[In this image] The scales remain even after the Synura cells have died.
Image source: plingfactory

Unlike the diatoms, Synuras can survive without their protective scales if silica is unavailable. Naked Synura cells can regrow their scales within 24 hours with a sufficient supply of silica.

How do Synura form a sphere?

Synura is a single cellular alga. However, a group of Synuras likes to assemble into a swimming colony. The size of the colony usually ranges from 30-100 μm in diameter, depending on the number of Synura cells. In colonies of only a few cells, the cells are usually more spherical in shape, while in larger colonies the cells are normally club-shaped and packed more tightly together.


[In this image] Synura colonies assemble from a variable number of cells.
Image source: Modified from Synura Ehhrenberg

In each colony, Synura cells join together with their posterior ends staying inside. Each cell has two flagella that protrude along the edge of the colony to permit a rolling, tumbling, swimming motion. When all these flagella wave in a coordinated fashion, the whole spherical cluster can swim and roll.


[In this image] SEM image of a Synura colony.
You can see scale-covered Synura cells with two flagella.
Image source: University Kassel, Digital Design Department.

Each cell in a Synura colony is independent. Unlike other clustering algae (i.e., volvox), the members of the Synura cluster are dynamic and can easily separate and re-assemble. There is no cytoplasmic connection or bridge in-between two Synura cells.


[In this image] The disassembling and re-assembling of a Synura colony. Disassembling might be triggered by environmental stresses, like temperature change and low oxygen in the water.

Extended Read: Volvox – The emerald green algae of the micro world

Where do Synuras live?

Synuras live in freshwaters like lakes, ponds, and slow-moving rivers or streams. They like warmer weather and are often abundant in temperate, subtropical, and tropical environments, but are much less abundant and diverse in arctic and subarctic habitats. Like other microscopic algae, Synuras are an important food source for many aquatic animals.

Synura sometimes moves to deep waters at night to avoid predators and to take advantage of available nutrients. During the day, the cells remain closer to the surface waters for more sunlight.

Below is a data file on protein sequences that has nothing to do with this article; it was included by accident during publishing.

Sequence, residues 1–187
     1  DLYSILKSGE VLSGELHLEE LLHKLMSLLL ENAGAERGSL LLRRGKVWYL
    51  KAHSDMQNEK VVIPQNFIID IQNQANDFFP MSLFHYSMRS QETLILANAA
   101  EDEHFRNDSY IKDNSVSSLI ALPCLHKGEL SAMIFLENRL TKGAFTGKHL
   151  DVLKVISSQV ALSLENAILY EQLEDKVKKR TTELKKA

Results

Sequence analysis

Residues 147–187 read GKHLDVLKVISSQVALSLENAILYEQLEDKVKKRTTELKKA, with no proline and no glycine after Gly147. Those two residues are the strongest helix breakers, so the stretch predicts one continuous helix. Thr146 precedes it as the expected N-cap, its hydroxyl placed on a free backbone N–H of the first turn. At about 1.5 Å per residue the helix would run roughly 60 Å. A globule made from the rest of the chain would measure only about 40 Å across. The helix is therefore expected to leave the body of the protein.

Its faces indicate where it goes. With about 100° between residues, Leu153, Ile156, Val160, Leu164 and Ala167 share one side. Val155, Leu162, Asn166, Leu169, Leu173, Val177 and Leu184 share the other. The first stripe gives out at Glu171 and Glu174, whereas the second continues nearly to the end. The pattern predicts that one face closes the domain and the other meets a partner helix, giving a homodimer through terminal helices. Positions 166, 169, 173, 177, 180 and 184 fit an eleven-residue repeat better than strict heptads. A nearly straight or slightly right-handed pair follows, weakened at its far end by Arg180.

[In this video] Synura – the blooming of golden algae.

Why Synura blooms are stinky?

Synuras sometimes form blooms (usually in the spring) and dye the water yellow. They also release ketones and aldehydes that can give the water an unpleasant fish-like odor or taste.

How do Synuras reproduce?

Synura cells usually reproduce by binary fission, asexual reproduction. In the process, the parent cell splits into two daughter cells which get half of the parent cell’s scales. The new cells can regrow the scales and grow back into their normal size. They can also perform sexual reproduction.

Who discovered Synura?

The genus Synura was first described in 1834 by the German microscopist Christian Gottfried Ehrenberg (1795–1876). He also described thousands of new species, among them the well-known flagellates such as Euglena, ciliates such as Paramecium aurelia, and Paramecium caudatum, unicellular diatoms and dinoflagellates, and many fossils.


[In this image] Christian Gottfried Ehrenberg and his illumination of rotifers, volvox, and stentors.
Image source: wiki


1. Synura is a small group of golden-brown algae containing chloroplasts, found mostly in freshwater.

2. A group of Synura cells can aggregate and assemble into a cluster. Each cell has its two flagella facing outward. When they wave their flagella together, the entire cluster starts to rotate, so I called them microscopic “Roasted Corn on the Cob.”

3. Synuras sometimes form blooms (usually in the spring) and dye the water yellow. They also release ketones and aldehydes that can give the water an unpleasant fish-like odor or taste.

4. Synura contains one nucleus, two golden-brown chloroplasts, two flagella, and a big vacuole. The cell is covered by many protective scales made of silica.

5. Synura use asexual reproduction and sexual reproduction.


Explore the Diversity of Freshwater Algae